Join us in this work through the Contact Us button at the bottom of this page.
The virtual 2021 National TB Conference, Recalibration: TB Elimination Beyond COVID-19 began on Wednesday June 9th and ran Wednesdays and Fridays through July 23rd. This dynamic 11 session virtual conference delivered excellent content to nearly 1000 attendees, and those who register for the conference can access recorded sessions and earn CEs for this rich TB care and prevention content for a full year.
The opening session addressed what it will take and what we all can do to reboot ourselves and our TB programs in a post COVID-19 emergency response landscape, beyond the challenges of siphoned staff and the prolonged and persistent draining of energy and focus.
Please consider supporting the National TB Controllers Association and this virtual enduring event by registering through the link above and joining us in our efforts to eliminate the threat of TB.
On July 13, 2021, The Stop TB Partnership, a global network of organizations working to eliminate the threat of TB worldwide, launched an education campaign calling for a new, more effective vaccine for TB by 2025 because BCG is 100 years old this month and provides poor lifetime protection against TB. Leading advocates from the Stop TB Partnership explained why this is an important commitment right now on a Facebook Live Event recorded here.
The anchoring message of this campaign follows here:
The BCG vaccine—which was first administered on July 18, 1921, has proven effective against TB meningitis and in protecting against severe TB in infants and young children. However, it offers variable and mostly poor protection against lung disease in adolescents and adults, the populations that are more likely to spread TB in the community. Every year, an estimated 10 million people get sick with TB, the majority living in developing countries.
The Stop TB Partnership encourages everyone to participate in this social media campaign this year, sharing their campaign materials here.
CTCA’s Communication Committee members commit to joining this campaign on CTCA social media outlets over the next six months, starting with this post. Please join us in raising awareness about the limitations of the BCG vaccine and the need for better protection against TB.
Earlier this year, Ryan Clary, a seasoned Coalition Consultant relaunched the Coalition for a TB-Free California (CTC). The CTC is made up of members, leaders, and representatives of communities most impacted by TB in California, and partners from California public health departments. Ryan joins us as an experienced infectious disease control and prevention advocate, specifically working on Hep C, HIV/AIDS coalitions. Ryan will work with the CTC to bring together partners, leading and serving those disproportionately impacted by TB in California to increase routine screening for TB risks, routine testing for those with a risk for TB, and encouraging routine treatment for those with TB before it makes them sick. Together, we can eliminate the threat of TB and create a TB-free California for all. Find out more and join the Coalition for a TB-free California.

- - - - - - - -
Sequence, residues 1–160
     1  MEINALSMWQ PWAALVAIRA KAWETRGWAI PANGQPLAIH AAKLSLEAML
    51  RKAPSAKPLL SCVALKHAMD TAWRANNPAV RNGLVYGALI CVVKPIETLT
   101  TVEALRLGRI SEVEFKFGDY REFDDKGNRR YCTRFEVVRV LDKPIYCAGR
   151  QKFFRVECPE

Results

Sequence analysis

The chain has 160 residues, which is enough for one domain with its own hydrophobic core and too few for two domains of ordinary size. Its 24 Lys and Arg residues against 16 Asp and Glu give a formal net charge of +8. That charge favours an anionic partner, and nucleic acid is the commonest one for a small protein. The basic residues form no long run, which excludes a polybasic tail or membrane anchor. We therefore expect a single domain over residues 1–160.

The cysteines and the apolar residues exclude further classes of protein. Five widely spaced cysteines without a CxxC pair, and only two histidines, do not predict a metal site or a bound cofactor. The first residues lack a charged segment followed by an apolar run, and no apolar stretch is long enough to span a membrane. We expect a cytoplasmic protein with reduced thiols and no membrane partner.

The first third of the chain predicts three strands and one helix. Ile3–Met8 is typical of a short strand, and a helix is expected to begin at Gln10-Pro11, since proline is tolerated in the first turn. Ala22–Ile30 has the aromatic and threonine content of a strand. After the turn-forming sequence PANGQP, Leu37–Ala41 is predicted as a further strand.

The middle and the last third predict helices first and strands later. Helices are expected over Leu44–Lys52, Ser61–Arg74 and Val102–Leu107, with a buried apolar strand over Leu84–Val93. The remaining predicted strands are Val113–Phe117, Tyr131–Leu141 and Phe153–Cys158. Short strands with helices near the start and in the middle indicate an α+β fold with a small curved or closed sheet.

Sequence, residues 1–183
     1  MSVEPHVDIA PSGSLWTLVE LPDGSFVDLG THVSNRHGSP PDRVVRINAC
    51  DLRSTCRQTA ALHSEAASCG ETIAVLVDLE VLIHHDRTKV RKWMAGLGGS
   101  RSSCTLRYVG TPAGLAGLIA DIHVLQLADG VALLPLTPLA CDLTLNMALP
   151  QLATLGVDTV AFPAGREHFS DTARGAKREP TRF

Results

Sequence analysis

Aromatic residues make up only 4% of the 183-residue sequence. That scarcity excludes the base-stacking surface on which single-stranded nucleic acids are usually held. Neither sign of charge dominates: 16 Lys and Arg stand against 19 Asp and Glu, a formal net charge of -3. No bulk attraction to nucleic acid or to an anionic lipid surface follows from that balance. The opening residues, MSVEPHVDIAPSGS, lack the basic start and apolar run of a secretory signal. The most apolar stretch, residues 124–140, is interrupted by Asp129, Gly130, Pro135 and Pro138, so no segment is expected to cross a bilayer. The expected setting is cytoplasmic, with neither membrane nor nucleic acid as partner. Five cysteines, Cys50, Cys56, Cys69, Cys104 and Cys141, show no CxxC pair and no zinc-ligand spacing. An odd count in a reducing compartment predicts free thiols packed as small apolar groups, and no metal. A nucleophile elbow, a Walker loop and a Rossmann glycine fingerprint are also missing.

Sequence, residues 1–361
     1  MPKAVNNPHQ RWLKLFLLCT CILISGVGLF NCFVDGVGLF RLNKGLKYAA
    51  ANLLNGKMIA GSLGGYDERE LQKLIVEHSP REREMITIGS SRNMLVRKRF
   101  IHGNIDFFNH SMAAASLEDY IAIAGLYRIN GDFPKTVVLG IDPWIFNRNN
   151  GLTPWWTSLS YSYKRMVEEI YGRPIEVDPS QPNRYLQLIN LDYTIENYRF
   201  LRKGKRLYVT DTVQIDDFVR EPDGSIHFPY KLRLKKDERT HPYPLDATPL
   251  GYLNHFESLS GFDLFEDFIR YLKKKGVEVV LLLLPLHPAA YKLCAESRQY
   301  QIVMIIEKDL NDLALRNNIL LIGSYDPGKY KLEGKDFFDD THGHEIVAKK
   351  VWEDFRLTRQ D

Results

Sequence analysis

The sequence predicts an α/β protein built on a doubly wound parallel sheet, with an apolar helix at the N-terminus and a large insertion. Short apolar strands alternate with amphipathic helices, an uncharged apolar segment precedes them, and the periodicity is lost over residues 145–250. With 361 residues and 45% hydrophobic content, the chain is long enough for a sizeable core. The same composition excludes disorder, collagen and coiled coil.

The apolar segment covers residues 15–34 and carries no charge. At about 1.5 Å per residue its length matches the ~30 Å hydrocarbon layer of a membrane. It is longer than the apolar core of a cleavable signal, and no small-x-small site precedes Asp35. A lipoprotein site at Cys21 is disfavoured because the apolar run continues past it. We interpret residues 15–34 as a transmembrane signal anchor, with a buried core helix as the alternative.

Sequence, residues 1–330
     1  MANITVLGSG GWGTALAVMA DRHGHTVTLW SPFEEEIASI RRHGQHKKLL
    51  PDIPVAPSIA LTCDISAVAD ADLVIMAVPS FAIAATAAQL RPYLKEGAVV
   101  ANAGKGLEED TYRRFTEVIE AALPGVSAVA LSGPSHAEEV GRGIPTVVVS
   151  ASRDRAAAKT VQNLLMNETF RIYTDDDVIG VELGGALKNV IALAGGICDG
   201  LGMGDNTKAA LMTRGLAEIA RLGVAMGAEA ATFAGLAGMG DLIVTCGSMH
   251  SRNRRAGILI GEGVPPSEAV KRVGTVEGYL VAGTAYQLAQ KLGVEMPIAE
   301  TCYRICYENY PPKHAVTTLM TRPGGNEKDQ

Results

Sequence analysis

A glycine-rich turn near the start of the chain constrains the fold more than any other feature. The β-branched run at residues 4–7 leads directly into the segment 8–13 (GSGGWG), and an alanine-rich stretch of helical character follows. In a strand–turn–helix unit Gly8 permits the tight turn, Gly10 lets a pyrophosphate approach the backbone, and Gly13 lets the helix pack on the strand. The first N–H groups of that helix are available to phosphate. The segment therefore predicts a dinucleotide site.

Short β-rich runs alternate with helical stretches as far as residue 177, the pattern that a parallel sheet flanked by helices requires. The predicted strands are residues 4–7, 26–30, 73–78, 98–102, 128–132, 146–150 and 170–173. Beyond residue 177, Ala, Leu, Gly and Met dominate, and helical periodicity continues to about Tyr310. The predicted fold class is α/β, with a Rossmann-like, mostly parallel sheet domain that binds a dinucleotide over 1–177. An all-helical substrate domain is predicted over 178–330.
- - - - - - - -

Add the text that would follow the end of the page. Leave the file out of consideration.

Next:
On May 6th, CTCA hosted an open call for new and existing members of the coalition. In addition to public health program staff, the following groups were present: Association of Asian Pacific Community Health Organizations (AAPCHO), Asian American Drug Abuse Program, Asian Americans Advancing Justice – Los Angeles, Asian Pacific Islander Health Forum, Breathe California, Bridging Group (Corrections/health care advocacy), California Black Health Network, California Hepatitis Alliance, San Francisco AIDS Foundation, Hepatitis C and Latino Health Programs, San Francisco Hep B Free, Urban Street Angels
During this first meeting, members discussed potential activities for the coalition. Partners wanted:
- access to brochures and fact sheets about TB for at risk individuals
- education for medical providers, like Project ECHO, focused on TB
- adaptation of the Hep B Coalition model for education, outreach and advocacy
- outreach to elected officials to keep them informed about TB; and
- more focus on the most vulnerable populations (e.g. those living in congregate settings such as prisons or jails)
And, on this call in May, a first relaunching action of the CTC was agreed upon, to educate California Delegates in Washington, D.C. about TB in their districts, and urging them to stay informed about TB by joining the Congressional Tuberculosis Elimination Caucus, co-chaired by Representative Ami Bera, MD (CA-07), Representative Don Young (AK-At Large), and Senator Sherrod Brown (OH) to stay informed about TB. The bulk of this letter follows below: